This lady and I went to Puerto Vallarta for a week’s . . . uh . . . romantic getaway. Puerto Vallarta has long ago been converted into a tourist trap and is not nearly so pleasant a place in which to spend time as the travel industry might want you to think. The tourist hotels are about a mile out of town and isolated from the riff-raff. Those resort buildings are magnificent, impressively large, and soulless. They also jettison an awful lot of sewage directly into the ocean, not far from the town. Charming, that.
Puerto Vallarta is picturesque but has the scuffed and worn look of something that’s fallen on hard times. It’s right on the ocean; but the beach sand itself is a shockingly narrow strip . . . and it’s brown and looks dirty; it looks like a brown sugar truck had a major spill there. (The tourist hotels, in contrast, had imported tons of white sand that really does look nice, although the overall effect is that of an incongruous patch of white off in the distance, in the middle of an otherwise brown landscape.)
The main industry in the town is tourism, of course: the stores, restaurants, tours, crafts objects and imported merchandise, street vendors, etc. are all geared to that. (The crowning touch is that in order for the government to protect its tourist income, Puerto Vallarta is policed by soldiers from a nearby army facility who are armed not with pistols and rifles, but with machine guns.)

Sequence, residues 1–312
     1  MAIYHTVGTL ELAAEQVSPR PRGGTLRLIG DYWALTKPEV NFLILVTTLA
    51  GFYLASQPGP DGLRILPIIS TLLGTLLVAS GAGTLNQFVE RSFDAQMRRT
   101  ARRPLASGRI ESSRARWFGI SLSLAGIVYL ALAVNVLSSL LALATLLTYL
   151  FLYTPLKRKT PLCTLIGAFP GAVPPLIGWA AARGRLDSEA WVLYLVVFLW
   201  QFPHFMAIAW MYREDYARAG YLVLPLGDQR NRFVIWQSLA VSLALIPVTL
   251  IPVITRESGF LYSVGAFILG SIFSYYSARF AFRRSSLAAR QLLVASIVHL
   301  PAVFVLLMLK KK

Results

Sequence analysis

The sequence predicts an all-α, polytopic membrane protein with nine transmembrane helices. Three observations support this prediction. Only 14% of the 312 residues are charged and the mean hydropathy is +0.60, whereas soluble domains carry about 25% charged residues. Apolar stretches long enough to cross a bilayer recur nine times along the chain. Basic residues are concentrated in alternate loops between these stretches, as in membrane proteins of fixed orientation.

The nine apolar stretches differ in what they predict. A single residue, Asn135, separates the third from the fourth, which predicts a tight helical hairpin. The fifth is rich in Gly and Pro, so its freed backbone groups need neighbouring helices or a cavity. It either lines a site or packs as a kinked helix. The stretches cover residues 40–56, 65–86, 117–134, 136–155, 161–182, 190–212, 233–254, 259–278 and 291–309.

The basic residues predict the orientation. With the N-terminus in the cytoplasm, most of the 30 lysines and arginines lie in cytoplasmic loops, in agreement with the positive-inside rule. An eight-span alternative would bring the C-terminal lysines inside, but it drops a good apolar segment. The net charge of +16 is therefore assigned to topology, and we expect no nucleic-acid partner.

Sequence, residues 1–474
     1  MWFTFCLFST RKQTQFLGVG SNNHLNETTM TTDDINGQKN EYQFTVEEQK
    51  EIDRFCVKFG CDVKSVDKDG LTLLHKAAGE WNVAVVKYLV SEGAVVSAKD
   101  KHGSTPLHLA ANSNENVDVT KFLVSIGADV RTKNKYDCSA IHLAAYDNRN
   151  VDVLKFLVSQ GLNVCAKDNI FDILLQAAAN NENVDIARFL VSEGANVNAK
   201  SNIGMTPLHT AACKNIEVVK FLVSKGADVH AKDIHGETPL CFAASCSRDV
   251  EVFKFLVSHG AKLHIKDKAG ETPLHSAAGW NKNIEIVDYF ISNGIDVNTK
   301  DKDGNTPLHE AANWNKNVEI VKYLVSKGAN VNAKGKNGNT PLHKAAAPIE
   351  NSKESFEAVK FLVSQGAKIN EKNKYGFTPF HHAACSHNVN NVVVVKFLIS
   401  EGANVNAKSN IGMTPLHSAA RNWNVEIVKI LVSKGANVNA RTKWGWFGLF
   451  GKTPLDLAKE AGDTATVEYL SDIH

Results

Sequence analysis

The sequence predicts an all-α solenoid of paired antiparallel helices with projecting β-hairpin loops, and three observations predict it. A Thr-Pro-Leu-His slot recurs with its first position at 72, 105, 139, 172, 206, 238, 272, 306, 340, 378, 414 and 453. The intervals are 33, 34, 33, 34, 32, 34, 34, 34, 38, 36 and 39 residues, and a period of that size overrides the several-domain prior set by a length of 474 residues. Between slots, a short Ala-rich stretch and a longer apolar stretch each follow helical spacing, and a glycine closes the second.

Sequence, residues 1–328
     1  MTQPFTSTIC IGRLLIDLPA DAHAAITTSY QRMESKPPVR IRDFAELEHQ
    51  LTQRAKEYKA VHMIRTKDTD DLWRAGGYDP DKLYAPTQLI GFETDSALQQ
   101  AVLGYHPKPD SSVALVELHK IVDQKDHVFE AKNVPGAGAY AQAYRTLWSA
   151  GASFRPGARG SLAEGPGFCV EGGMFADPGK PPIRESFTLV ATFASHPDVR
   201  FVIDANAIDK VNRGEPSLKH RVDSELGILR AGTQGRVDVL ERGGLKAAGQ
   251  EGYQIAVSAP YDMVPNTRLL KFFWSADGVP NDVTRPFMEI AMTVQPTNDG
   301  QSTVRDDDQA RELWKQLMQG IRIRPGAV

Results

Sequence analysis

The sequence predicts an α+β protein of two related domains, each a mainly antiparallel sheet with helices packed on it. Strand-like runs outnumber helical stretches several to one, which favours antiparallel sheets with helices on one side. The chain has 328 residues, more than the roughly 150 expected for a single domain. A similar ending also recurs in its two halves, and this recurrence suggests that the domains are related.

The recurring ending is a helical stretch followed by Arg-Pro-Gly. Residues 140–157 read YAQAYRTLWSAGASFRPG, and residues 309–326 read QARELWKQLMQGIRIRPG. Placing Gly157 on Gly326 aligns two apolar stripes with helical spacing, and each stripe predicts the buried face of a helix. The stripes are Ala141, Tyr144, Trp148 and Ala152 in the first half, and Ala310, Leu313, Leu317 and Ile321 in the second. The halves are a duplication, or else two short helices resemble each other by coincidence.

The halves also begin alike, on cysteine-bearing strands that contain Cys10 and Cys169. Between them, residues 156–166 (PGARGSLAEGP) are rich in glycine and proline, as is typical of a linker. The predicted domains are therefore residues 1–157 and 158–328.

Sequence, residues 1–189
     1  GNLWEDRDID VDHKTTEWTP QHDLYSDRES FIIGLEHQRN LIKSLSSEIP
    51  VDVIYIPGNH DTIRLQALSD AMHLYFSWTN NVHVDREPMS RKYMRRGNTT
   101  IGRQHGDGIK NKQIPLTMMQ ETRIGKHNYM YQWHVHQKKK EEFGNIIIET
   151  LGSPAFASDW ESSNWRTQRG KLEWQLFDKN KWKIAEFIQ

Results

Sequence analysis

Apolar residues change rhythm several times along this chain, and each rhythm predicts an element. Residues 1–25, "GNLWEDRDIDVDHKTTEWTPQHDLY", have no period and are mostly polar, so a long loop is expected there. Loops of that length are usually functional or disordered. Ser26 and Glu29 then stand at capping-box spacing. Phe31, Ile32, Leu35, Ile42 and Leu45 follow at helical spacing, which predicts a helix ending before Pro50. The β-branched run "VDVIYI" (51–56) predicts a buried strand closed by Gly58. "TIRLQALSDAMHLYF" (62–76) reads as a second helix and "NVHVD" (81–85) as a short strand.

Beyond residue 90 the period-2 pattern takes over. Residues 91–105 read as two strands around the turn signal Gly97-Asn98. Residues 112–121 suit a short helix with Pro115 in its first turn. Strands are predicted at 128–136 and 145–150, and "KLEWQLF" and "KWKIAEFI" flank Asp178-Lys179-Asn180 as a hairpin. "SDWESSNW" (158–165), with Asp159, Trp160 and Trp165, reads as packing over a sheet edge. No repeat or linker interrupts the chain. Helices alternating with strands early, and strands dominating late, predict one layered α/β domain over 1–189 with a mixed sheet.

It was during this romantic getaway that I found out that I didn’t really like the woman I was with. She was . . . well, let’s just say that we were appallingly mismatched. It was sort of like going on a romantic hideaway trip and discovering that your partner is a transvestite.
This lady was smart, attractive, and, among other things, a competitive scrabble player. For months, she beat me every time we played. I didn’t really mind; I like words and playing with words, and I didn’t have anything riding on whether I won or lost. And, in any event, the more we played the better I got and the closer the gap between our scores became. We took the scrabble set down to Puerto Vallarta and it was while we were down there that I beat her at scrabble for the first time. MAN, WAS SHE PISSED! Outraged, in fact. And she had a major tantrum. Such . . . uh . . . misbehavior for such a seemingly trivial reason . . . well, it was pivotal for me. The relationship went quickly downhill after that.
In any event, after that tantrum, rather than to hang out with her, I walked around Puerto Vallarta a lot. As I walked, I noticed beautiful visual patterns and textures everywhere. I hadn’t quite realized until that week how much these things impinge on me; but IT WAS VERY PLEASANT for me to simply walk around and see the sights. I looked at wrought iron work on the houses, the colors of the buildings, the cobblestoned streets, iguanas for sale, etc. I learned a bit about Puerto Vallarta itself, too.